13th November 2019
Australian Prime Minister Scott Morrison has refused an invitation to visit the climate-hit homes of indigenous Australians who are bringing a human rights complaint against their government.
Morrison turned down an invitation to see for himself the effects of climate change on the low-lying Torres Strait Islands, as did Minister for Emissions Reduction Angus Taylor.
One of the complainants, Yessie Mosby said: “We’re very disappointed the Prime Minister will not visit our communities. Just like those battling bushfires on the mainland, our islands are on Australia’s climate frontline.
Yessie said the islanders hope Australia will significantly ramp up climate action, as required by the Paris Agreement, ahead of the world’s next big climate summit, COP 26 in 2020.
“We’ll wait and see what Canberra declares in coming months, as will our fellow islanders across the Pacific.
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“This is not a problem for another country to sort out. Bushfires, floods, droughts, extreme heat and in our case rising seas – this is the reality of living in Australia now,” he added.
Islander Kabay Tamu personally delivered the invitation to Australia’s Ambassador in New York, where he was addressing the global climate summit in September.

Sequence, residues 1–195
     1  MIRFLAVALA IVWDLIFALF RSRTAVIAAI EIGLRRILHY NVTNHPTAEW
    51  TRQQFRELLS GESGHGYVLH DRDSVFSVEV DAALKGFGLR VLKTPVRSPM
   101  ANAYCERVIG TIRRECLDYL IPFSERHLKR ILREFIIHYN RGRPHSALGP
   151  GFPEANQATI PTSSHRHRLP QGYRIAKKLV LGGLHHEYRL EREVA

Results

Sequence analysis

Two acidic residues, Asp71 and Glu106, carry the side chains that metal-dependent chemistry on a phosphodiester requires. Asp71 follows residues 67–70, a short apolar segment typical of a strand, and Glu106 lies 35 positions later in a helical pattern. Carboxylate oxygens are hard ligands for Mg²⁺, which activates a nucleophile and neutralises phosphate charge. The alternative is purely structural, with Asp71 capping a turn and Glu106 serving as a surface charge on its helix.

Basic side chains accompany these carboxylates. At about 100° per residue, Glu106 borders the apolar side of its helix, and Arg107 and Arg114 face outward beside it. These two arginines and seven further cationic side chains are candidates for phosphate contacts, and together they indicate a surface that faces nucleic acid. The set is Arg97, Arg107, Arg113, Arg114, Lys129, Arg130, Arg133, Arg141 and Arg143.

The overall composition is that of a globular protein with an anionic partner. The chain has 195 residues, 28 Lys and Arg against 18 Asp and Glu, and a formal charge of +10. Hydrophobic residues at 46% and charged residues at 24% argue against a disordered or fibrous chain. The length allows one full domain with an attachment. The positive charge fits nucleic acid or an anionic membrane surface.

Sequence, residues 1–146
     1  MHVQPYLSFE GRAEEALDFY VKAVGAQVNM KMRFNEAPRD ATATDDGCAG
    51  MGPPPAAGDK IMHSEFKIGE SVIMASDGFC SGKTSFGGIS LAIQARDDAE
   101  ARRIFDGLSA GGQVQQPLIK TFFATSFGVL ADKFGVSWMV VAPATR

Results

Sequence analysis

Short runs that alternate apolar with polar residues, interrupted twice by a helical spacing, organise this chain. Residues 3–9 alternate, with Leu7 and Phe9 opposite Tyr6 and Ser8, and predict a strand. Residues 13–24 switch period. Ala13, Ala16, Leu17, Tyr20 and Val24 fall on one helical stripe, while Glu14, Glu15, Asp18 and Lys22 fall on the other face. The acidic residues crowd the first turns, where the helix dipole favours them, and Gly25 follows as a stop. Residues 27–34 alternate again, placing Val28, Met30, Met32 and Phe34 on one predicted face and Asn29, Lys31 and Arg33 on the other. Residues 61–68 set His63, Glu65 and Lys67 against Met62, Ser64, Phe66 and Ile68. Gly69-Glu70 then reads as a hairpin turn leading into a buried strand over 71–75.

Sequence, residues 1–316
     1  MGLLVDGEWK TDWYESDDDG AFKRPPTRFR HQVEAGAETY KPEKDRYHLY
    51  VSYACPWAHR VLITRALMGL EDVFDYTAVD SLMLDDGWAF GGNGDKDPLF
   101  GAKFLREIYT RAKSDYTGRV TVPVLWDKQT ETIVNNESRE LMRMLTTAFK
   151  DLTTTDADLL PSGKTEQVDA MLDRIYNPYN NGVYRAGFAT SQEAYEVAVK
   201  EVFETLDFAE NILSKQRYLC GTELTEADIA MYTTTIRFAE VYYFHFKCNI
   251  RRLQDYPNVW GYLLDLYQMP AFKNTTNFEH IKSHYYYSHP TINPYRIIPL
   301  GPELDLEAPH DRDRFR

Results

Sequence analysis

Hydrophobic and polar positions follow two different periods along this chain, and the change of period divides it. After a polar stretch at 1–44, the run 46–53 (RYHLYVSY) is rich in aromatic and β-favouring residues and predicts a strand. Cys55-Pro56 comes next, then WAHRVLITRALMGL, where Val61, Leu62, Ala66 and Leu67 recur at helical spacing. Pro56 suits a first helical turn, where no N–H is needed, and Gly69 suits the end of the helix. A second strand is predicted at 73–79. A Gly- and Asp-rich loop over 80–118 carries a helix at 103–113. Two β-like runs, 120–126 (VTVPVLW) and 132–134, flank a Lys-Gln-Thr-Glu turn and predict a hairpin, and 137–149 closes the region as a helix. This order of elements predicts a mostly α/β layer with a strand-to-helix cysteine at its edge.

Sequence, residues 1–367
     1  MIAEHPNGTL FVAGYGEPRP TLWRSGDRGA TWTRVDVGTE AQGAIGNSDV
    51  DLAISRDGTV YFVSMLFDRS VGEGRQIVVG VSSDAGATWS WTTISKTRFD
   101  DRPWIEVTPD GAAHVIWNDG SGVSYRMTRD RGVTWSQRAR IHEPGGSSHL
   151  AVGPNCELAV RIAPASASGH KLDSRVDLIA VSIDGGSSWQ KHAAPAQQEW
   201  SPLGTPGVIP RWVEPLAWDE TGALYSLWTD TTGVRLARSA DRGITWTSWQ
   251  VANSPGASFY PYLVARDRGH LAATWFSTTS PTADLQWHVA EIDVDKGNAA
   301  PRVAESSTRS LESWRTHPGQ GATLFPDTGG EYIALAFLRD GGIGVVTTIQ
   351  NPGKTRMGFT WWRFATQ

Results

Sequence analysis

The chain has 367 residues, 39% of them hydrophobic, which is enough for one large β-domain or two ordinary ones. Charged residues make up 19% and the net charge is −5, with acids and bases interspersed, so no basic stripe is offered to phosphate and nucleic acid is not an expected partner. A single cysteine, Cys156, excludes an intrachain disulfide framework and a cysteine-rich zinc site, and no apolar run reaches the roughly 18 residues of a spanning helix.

Kabay is one of eight complainants from four islands threatened by rising seas. In May this year, they lodged a world-first complaint to the UN Human Rights Committee over the threat to their human rights posed by their government’s climate failure.
The islanders argue that by failing to do enough to reduce emissions or to build proper adaptation measures on the islands, Australia is violating its legal human rights obligations to Torres Strait people
In their letter to the PM, the islanders described how rising seas are threatening homes, swamping burial grounds and washing away sacred cultural sites.
With the steady erosion of coastlines, communities are being inundated, infrastructure damaged, flood defences breached, fresh water contaminated and crops spoiled.
Our lawyers are representing the islanders, with support from Torres Strait land and sea council Gur A Baradharaw Kod, barristers from 20 Essex Street Chambers in London, and environmental group 350 Australia.
Human rights and climate change - a world first case to protect indigenous Australians